This is the third in a series of 10 Burning Questions the Yankees face this offseason
He finished among the top 10 closers in baseball with 39 saves, held opposing hitters to an impressive .192 average, his strikeouts per nine innings ratio was an eye-popping 13.42 and his WHIP was an excellent 1.06.
Aside from his rather high ERA, skewed by some late-season hiccups, his first full season as the Yankees closer was roughly comparable to the incomparable Mariano Rivera's final season, and, in fact, Mo blew more saves (seven of 51 opportunities) and at a slightly higher rate (13 percent) in 2013 than Robertson did in 2014 (five out of 44 chances, 11 percent).
So now, with Robertson approaching free agency, the Yankees have a big decision to make: Do they commit to Robertson as their closer for the foreseeable future? Or do they roll the dice with a less binding offer knowing they have a fallback position in Dellin Betances, who, by just about every statistical yardstick, had an even better season than Robertson?
In reality, the Yankees have three choices: They can make Robertson an offer he can't refuse -- something in the neighborhood of three years for $42-$45 million, which would put him in the same financial neighborhood as the likes of Jonathan Papelbon and former Yankees closer Rafael Soriano. They can offer him the qualifying offer of $15 million for one year, which he can take or leave; if he leaves, the Yankees will get a compensatory draft pick.
The problem with either of those options is Robertson would probably take them, and the Yankees have far bigger holes to fill than closer. They would be much better off spending that kind of money on a quality starter, or a shortstop, or power bat for one of the corner outfield spots.
Or, they can do nothing -- or make a modest offer that Robertson is likely to refuse -- and go all-in with Betances.
So what should they do?
By the numbers, Robertson had a good year, but aside from his high K/9 ratio -- which is what you want from any reliever, and especially your closer -- Robertson did not particularly distinguish himself as more than a run-of-the-mill closer in comparison to his peers.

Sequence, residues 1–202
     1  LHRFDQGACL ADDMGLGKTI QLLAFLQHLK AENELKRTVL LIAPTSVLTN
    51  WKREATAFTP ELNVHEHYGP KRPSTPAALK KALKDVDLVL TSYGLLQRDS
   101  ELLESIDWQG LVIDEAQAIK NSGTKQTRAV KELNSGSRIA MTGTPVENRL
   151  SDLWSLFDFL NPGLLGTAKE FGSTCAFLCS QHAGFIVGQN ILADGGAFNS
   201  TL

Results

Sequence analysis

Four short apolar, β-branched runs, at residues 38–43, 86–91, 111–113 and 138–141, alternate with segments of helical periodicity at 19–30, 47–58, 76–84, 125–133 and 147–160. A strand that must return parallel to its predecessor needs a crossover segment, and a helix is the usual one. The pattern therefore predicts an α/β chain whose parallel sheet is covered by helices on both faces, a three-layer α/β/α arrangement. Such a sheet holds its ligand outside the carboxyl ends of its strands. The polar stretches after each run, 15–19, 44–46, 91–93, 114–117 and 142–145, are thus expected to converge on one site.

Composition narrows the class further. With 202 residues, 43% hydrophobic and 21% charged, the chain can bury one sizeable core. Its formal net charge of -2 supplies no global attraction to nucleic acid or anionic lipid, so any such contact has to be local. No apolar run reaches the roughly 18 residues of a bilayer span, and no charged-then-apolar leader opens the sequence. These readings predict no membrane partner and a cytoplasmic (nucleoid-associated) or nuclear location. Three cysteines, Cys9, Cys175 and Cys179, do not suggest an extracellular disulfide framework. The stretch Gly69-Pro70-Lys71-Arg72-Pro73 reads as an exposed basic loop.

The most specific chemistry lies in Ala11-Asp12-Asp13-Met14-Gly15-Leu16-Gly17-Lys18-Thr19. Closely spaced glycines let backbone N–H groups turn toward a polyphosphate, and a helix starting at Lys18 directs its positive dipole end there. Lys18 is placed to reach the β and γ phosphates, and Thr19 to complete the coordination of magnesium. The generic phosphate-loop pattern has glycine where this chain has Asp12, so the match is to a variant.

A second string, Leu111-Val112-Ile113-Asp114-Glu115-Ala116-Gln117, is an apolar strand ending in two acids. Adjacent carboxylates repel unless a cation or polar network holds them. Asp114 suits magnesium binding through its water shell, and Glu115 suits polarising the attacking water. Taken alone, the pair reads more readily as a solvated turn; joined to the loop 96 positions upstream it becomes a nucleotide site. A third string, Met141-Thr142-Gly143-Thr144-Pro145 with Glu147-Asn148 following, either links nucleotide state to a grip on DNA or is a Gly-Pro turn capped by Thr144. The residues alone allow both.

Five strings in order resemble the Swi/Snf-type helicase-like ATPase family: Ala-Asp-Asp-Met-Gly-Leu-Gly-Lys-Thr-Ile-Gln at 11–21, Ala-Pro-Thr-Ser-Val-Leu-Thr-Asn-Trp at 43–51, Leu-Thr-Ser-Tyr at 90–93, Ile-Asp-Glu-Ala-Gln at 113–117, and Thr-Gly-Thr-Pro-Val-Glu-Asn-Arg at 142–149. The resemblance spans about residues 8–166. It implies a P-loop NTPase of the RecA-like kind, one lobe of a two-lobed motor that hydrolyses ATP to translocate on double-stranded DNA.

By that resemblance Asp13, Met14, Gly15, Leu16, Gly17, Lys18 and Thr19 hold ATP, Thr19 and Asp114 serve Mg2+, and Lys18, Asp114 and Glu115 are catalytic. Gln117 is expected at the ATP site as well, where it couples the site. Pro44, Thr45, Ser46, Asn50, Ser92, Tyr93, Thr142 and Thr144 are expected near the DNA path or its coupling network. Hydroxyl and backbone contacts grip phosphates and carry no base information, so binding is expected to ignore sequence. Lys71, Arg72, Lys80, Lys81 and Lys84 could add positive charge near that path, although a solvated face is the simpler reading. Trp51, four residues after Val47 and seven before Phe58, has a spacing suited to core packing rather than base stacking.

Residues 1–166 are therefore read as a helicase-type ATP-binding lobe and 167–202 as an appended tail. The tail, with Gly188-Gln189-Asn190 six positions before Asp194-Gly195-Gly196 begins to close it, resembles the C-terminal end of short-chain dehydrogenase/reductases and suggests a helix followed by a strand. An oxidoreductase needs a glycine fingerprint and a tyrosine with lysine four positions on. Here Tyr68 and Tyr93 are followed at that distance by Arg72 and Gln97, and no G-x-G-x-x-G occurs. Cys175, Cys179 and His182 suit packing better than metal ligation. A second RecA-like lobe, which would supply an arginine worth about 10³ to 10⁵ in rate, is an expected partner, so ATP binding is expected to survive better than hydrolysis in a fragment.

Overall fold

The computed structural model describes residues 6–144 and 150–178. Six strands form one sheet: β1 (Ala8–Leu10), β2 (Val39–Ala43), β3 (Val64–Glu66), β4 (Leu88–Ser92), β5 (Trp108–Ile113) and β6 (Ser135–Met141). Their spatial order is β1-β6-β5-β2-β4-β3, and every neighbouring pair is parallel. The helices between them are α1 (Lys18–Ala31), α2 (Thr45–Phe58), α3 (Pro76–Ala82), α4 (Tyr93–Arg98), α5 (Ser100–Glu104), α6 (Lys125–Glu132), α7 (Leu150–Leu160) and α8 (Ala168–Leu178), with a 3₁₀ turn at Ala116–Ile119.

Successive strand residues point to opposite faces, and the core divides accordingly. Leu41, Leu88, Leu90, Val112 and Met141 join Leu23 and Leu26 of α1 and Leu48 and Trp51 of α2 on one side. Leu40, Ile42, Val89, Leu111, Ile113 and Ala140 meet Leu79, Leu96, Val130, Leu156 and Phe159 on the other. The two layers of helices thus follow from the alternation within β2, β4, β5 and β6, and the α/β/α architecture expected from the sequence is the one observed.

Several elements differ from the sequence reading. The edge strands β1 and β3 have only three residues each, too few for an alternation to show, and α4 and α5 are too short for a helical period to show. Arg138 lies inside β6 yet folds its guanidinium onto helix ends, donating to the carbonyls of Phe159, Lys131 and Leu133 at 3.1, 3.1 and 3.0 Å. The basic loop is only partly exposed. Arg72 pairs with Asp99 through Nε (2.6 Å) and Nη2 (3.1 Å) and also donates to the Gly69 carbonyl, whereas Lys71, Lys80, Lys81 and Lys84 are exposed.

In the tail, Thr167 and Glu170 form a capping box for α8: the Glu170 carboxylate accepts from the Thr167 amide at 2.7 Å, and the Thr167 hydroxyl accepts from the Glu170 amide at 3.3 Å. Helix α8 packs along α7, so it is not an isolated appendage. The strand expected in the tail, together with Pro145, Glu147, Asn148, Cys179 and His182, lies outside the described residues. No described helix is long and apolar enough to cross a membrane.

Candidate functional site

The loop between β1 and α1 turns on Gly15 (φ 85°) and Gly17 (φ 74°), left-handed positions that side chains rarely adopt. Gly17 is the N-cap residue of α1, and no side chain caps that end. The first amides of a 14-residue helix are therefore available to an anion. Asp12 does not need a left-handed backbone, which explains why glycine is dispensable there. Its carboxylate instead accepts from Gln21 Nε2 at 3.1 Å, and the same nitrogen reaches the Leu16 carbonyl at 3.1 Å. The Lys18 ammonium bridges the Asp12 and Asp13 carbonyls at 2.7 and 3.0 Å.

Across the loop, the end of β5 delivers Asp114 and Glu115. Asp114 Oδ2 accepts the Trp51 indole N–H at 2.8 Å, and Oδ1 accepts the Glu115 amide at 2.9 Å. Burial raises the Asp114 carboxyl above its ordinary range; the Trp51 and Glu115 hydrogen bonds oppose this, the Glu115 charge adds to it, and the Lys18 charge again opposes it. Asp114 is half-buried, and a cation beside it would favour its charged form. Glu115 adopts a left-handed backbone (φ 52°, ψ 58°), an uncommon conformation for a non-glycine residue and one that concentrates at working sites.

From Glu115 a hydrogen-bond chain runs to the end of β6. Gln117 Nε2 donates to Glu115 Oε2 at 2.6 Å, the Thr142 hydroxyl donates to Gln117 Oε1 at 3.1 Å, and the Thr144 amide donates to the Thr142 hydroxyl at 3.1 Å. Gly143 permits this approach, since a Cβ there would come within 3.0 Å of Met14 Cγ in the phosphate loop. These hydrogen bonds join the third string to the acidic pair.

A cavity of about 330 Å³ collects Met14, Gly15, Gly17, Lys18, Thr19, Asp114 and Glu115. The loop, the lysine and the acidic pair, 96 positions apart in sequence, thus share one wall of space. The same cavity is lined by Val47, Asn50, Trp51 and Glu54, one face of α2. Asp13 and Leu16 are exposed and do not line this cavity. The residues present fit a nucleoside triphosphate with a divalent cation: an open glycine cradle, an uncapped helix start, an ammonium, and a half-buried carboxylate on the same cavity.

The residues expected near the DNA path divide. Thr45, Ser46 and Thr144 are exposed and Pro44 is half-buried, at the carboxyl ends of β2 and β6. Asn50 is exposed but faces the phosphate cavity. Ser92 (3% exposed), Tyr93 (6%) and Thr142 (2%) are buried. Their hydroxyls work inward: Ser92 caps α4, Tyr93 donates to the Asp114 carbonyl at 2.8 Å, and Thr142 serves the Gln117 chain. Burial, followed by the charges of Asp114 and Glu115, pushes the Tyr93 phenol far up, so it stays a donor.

He was no Aroldis Chapman, whose K/9 ratio was more than 17(!!), who held opposing hitters to a .121 batting average, had a ridiculous WHIP of 0.83 and blew just two saves out of 40.
He was no Greg Holland, who had an ERA of 1.44 and was the least likely to blow a save of any of the 17 MLB closers who had at least 30 saves, blowing just two out of 50.
In fact, as good as Robertson's numbers were, they were decidedly non-spectacular when compared to others doing the same job.
His WHIP was higher than that of 10 other closers -- Koji Uehara, Holland, Craig Kimbrel, Papelbon, Zach Britton, Jake McGee, Mark Melancon, Chapman, Joaquin Benoit and Sean Doolittle -- all of whom were below 1.00.
His home run rate was a rather high 0.98 per nine innings -- higher than all but 21 other MLB relievers and higher even than teammate Shawn Kelley's (0.87). His walk rate (3.22) placed him smack in the middle of the 17 closers with at least 30 saves.
And although his blown-save ratio was slightly better than Mo's in 2013, there were 10 other closers, again with at least 30 saves, who were statistically less likely to blow a save in 2014, including Fernando Rodney and Francisco Rodriguez.
And Robertson's WAR of 1.2, if that is your be-all and end-all, was 10th among all MLB closers.
So should the Yankees pay Robertson like one of the best closers in baseball when the numbers say he is only very good? If they offer Robertson the qualifying offer, it will be more money than any of those other closers will make in 2015; the highest paid of them all are Rodney and Soriano, both of whom made $14 million last season.
These are the things the Yankees will consider when trying to determine how much to pay Robertson in 2015 and beyond. There is a belief among the Yankees staff that Robertson has something that doesn't show up in the stats: the intestinal fortitude to deal with pressure situations, hence his nickname, "Houdini." That is something a youngster such as Betances, who might well have it also, has yet to prove.
There is also a school of thought among at least one member of the Yankees hierarchy that says getting the final three outs of a game is no different than getting the first three and that, for one season at least, just about anyone can do it. That dovetails with the reality that even the great Rivera could be replaced for one season. Soriano proved that in 2012 when he saved 42 games after Mo got hurt. Rivera's greatness, of course, lay in the fact he did it for 17 seasons, not just one.
It will be interesting to see which school of thought the Yankees adhere to this offseason.
If they really believe Robertson is irreplaceable, they should pay him as such. If they're still unsure, they should extend him the qualifying offer and allow him to either shop for a better deal or come back for 2015 to give them another look.
And if they think they have another Rivera, or perhaps only another Chapman, on their roster in Betances, then they should swallow hard and let him walk.
What do you think? Should the Yankees commit to David Robertson as their long-term closer by offering him a multiyear deal?